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A year of lockdown has left us all with 'chronic WFH lethargy', so here's how to fight the fatigue



You don’t need us to tell you how challenging the past year has been. We’ve felt the effects of living through a global pandemic in all areas of our lives, and being plunged in and out of lockdown whilst navigating the ‘new normal’ of working from home has undoubtedly tested our mental health.

One way this has manifested for a lot of us is in our energy levels. Despite not commuting every day or heading to that early morning spin class, we’re feeling more tired and drained than ever before.

In fact, new research from energy company Revvies has found that 37% of British adults – that’s close to 18 million of us – are struggling with chronic lethargy and extreme tiredness, whilst 20% have resorted to coffee and energy drinks in an attempt to stave off lockdown fatigue.

Plus, over half (52%) of 18-34 year-olds report that they cannot reduce their sugar intake without experiencing a crash in energy.

So, why are we all experiencing such chronic WFH lethargy, and what can we do about it?

“Lockdown has put a lot of strain on our mental health and created anxiety due to financial and health concerns, as well as adapting to a new way of life with increased virtual at-home meetings, home-schooling and less socialising,” says nutritional therapist Victoria Hamilton.

“Psychological stressors can be even more tiring than physical stressors and send your body into a heightened state of alertness known as ‘flight or fight’ mode. Initially, you may feel more energised and focused in this state, but if you stay in this condition for long periods, it results in tiredness and fatigue.”

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As well as general overwhelm and stress, current chronic lethargy could be caused by vitamin D deficiency from staying at home and lack of exercise thanks to gym closures, adds GP Dr Houda Ounnas.

Here are their expert tips for fighting the fatigue…

  1. Factor in time for exercise, such as going for a walk outside 30 minutes after getting up. Studies show that adults who walk outside for 20 minutes a day have increased energy levels.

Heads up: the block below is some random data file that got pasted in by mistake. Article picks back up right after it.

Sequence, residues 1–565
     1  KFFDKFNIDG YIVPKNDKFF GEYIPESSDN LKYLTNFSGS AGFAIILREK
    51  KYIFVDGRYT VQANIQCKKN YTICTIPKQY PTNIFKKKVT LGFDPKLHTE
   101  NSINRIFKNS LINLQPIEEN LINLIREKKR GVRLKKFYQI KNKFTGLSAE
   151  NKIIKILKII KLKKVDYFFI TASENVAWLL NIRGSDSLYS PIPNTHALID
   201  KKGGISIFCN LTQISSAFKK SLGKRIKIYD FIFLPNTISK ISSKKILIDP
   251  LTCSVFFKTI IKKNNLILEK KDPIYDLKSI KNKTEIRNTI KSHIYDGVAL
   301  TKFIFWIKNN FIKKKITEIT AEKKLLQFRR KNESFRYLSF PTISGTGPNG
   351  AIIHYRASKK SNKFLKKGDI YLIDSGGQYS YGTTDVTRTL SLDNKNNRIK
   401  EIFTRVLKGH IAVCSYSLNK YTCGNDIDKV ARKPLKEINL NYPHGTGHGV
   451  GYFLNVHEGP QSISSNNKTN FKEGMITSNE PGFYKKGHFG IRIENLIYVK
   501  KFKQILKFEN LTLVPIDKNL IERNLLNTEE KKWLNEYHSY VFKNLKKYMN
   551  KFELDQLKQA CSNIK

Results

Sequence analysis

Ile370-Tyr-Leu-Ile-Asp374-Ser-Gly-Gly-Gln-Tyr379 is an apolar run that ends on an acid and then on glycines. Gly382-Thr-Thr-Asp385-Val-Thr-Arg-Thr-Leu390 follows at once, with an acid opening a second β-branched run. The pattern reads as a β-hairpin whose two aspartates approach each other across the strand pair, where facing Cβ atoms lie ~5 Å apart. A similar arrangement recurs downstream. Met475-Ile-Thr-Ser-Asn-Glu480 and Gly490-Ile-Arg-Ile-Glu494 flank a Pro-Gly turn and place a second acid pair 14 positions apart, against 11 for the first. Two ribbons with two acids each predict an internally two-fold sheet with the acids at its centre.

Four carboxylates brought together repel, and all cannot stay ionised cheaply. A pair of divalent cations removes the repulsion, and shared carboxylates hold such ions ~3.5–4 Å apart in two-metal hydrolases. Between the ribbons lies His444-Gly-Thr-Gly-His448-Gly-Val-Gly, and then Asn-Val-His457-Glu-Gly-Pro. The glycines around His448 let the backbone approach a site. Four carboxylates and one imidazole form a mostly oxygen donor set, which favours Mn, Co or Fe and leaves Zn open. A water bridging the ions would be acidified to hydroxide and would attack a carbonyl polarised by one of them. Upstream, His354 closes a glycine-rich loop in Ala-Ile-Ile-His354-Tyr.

2. Do micro workouts throughout your day, rather than sitting for long periods which can cause dysregulation in your body, leading to energy problems. Set your alarm every hour throughout your day, and do 5 – 10 minutes of movement every hour – squats, running on the spot, and stretching are all great ways to keep your day active!
  3. Eat nutrient-dense food that gives you sustainable energy, such as dark leafy greens, berries, wild-caught fish and healthy fats, including avocados and olives (think Mediterranean). Your body needs extra nutrients to support the stress response process through stressful times, so if you feel worn out, make sure your diet is giving you everything you need.
  4. Opt for carbs that release calories slowly, which are much better than sugar which gives you a rush of energy that fades very quickly. Try pulses, quinoa, brown whole grain pasta or bread instead.
  5. If you want to reduce your sugar intake without the energy crash, start slowly by adding protein or healthy fats with every sugary meal, then remove the amount of sugar in your diet every day and replace it with a food that has a low glycemic load. The glycaemic load gives you an indication of how much a food will spike your blood sugar, so go for foods in the green category. Eating these foods will mean you are less likely to experience a crash after eating.
  6. Eat in a relaxed environment away from screens and work distractions to help absorb all the nutrients from the food you eat and aid proper digestion. Your body needs to be in a ‘rest and digest’ state when eating. Make an event of every meal, and eat mindfully.
  7. Plan an eating window and stick to it. If you graze all day long, you will give your body no time to recover. Eat within a 12 – 8 hour eating window every day so that your body has time to rest and rejuvenate, as eating is also a stressor to your body and contributes to tiredness.
  8. Get a good sleep including not only the hours, but also a routine of sleeping and waking up at regular times. No blue light at least an hour before bed. Schedule downtime pre-bed for journaling, relaxing in the bath, and definitely stop working or occupying your mind with thought provoking processed before bed time. It needs to switch off.
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Victoria also points out that if you’re looking to cut down your coffee consumption, try substituting your cup of joe with a green tea instead, then from green tea to caffeine-free herbal tea.

“Otherwise, you can continue to drink coffee, but each day dilute it down further and further,” she advises. “After doing this for several weeks, your cup will be more hot water than coffee, and you will feel better for it.”

So generally, says Dr Ounnas, to help beat chronic lethargy, look to key five areas in your life:

  • Nutrition
  • Exercise or lack of
  • Sleep
  • Relaxation and recharge time
  • Any potential condition or deficiency (consult your GP).

Tackle these with the above tips, and you should start to feel reenergised in no time.

If the fatigue continues over 6 weeks, speak with your GP. Also consult your GP regarding which supplements are best for you.



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